1887

Abstract

We have collected mutants that arrest in development after aggregation, but before first finger formation. A total of 118 mutant strains were isolated and are referred to as mound mutants. Nine complementation groups containing 46 of the mutant strains, were defined by parasexual methods. A statistical analysis suggested that there are about 118 genes which, when mutated, confer the mound phenotype. Of these genes, about 60 are predicted to be mutated in our collection: the 9 assigned to complementation groups and another 51 unassigned mutants. and were assigned to linkage groups VII, IV, II and VI, respectively. Development of the mutant strains was characterized by terminal morphology, neutral red staining and expression of marker mRNAs for prespore and prestalk cells. Three broad classes were recognized. (1) Postaggregative mutants - those blocked early in multicellular development. They did not express any of the prestalk or prespore marker mRNAs and generally arrested as low mounds or ridges. (2) Pathway mutants - those blocked specifically in either prestalk or prespore differentiation. They expressed either prestalk or prespore marker mRNAs, but not both, and generally proceeded further morphologically than post-aggregative mutants. (3) Morphogenesis mutants - those apparently blocked in morphogenesis rather than cell differentiation. They expressed all the cell-type marker mRNAs tested. Most arrested as tight mounds lacking a tip and of defined upper size, but some mutants produced aberrant tips. The majority of mutants tested synergized with wild-type: 24/28 strains which cannot make spores when developed alone, were able do so when allowed to develop with an equal number of wild-type cells. We suggest that some of the morphogenesis mutants have a cytoskeletal defect which prevents first finger formation and that these mutants can be physically carried through development by the wildtype (synergy by ‘piggy-backing’).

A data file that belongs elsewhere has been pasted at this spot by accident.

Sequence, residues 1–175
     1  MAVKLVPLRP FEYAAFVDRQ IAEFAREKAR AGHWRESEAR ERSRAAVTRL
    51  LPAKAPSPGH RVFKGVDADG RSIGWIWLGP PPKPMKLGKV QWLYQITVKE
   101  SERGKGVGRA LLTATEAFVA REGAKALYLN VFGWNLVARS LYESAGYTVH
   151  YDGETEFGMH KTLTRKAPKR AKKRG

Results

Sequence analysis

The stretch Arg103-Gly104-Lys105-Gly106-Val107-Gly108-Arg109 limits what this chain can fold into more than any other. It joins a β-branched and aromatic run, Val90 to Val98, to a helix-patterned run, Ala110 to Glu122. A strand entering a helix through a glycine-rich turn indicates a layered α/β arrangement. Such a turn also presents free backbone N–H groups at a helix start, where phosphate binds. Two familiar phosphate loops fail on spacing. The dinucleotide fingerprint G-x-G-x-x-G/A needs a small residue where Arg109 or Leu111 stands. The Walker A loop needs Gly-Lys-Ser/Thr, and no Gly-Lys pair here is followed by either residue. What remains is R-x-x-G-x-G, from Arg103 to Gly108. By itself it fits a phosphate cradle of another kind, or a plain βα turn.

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/content/journal/micro/10.1099/00221287-142-4-993
1996-04-01
2019-11-22
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